Friday, December 4 2020


Photographer focuses on scars of war

Update: July, 28/2009 - 00:00

Photographer focuses on scars of war


Lenser Yasufumi Murayama first visited Viet Nam 11 years ago.

by Van Dat

In the frame: Self portrait of Yasufumi Murayama. — File Photo
Painful memories: Yasufumi took this photo in Quang Ngai Province last year. Truong Thi Le was one of the three members of her family to survive the My Lai massacre in 1968. When American soldiers arrived, she hid her children but her daughter was dragged out, raped and killed in front of her.

HCM CITY — It is 11 years since Japanese photojournalist Yasufumi Murayama first visited Viet Nam. He was on a tour that took him to a photo exhibition at the War Remnants Museum in HCM City.

Despite meeting a few unfriendly people and not knowing anything about Viet Nam, he was instantly attracted to the country.

"I used a handicam then and did not think of taking photographs about people suffering due to the war.

"But right afterwards I wondered why I didn’t take photos about the country and street children or write about the country."

Now, after 28 visits, Yasufumi has many friends here and has had many stories about Viet Nam published in his country.

The 41-year-old has 100,000 photos about the country and its people.

He says a photojournalist should choose a single country to explore and Viet Nam has been his choice. "I promised myself that Viet Nam is the only country I will learn about during the rest of my life."

"I love Viet Nam as if loving a girl; that’s why I keep coming here. My wife isn’t at all jealous and … I’ll bring her next month."

Amazingly, despite his 28 visits, he has never been in some major cities likes Ha Noi, Hue and Da Nang though he has gone almost everywhere else in the country. He prefers to visit the countryside where there are so many victims of the war and Agent Orange dioxin, chemicals used by the US forces to defoliate forests during the American War.

"Maybe the final place I’ll visit in Viet Nam at the end of my life is Ha Noi. Despite coming many times, there are many things about the country I don’t know."

To help his compatriots know more about Viet Nam and its people, Yasufumi has organised so many exhibitions at home he can’t remember how many. His best estimate is between 100 and 200.

Suffering continues

"Many visitors come to me and say they visited Viet Nam but what they saw in my photos was totally different."

His explanation? "The war has not really ended in Viet Nam since so many still suffer its consequences."

That is one reason why he wants to share the images he captures with students from Japan and throughout the world.

"I took the photos to universities in Japan to show students who don’t know about the wars in Japan or Viet Nam."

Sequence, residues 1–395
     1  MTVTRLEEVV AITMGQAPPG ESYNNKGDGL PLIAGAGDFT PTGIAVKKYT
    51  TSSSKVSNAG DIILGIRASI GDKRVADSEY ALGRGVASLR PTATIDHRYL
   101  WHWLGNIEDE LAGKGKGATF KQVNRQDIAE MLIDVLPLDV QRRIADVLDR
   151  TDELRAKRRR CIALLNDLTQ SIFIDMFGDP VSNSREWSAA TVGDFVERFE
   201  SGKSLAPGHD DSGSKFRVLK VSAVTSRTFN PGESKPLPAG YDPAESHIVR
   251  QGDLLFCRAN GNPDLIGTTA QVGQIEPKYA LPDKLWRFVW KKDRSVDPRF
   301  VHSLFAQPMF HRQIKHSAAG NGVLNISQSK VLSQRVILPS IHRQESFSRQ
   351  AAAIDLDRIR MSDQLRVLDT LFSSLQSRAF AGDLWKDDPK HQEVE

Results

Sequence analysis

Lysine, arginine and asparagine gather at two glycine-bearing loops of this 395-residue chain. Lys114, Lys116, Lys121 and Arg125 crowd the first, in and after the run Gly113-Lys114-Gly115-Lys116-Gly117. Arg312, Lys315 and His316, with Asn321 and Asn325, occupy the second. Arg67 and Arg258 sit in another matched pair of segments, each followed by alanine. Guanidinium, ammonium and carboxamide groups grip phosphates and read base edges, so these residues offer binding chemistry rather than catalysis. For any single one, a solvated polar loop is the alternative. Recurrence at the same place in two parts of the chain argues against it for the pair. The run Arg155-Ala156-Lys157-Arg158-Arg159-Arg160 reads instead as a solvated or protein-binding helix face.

In 2004, he joined a campaign to support the victims of Agent Orange, collecting 1,000 signatures in a month. He is nurturing an idea of a similar campaign and getting more signatures.

"I used to lead a life of poverty in my childhood. After coming to Viet Nam and meeting Agent Orange victims, I feel I am luckier."

In September 2006, he took a Vietnamese girl to Japan for an operation. Do Thuy Duong, then 18, underwent a major surgery at the Kyoto University Hospital to fit prosthetic body parts to replace those damaged by the deadly chemicals.

Revisiting My Lai

The War Remnants Museum on Monday displayed about 60 photos capturing images of the war and subsequent changes in the country taken by him and his friend and photojournalist, Nishimura Yoichi, to commemorate Viet Nam’s War Invalids and Martyrs Day (July 27).

In his third photo exhibition in Viet Nam, Yasufumi brings stark images from present-day Son My Village in the central region where the brutal My Lai massacre took place 41 years ago.

Five hundred and four unarmed villagers were butchered by US troops in one of the darker chapters of conflict anywhere in the world.

The exhibition also showcases the rejuvenation of the country in the last 34 years through images of the Can Gio Mangrove Biosphere Reserve in HCM City and rubber forests in neighbouring Tay Ninh Province.

Both areas were pummeled by American B-52 bombers during the war.

"The thing I like best is Viet Nam has designated a day to remember martyrs and victims," Yasufumi said, adding it is meaningful to organise the exhibition in August.

On August 15 1945, the war ended in Japan; on August 6 and 9 the US dropped atomic bombs on Hiroshima and Nagasaki; in Viet Nam, the US began spraying Agent Orange on August 10.

The exhibition runs for a month. — VNS

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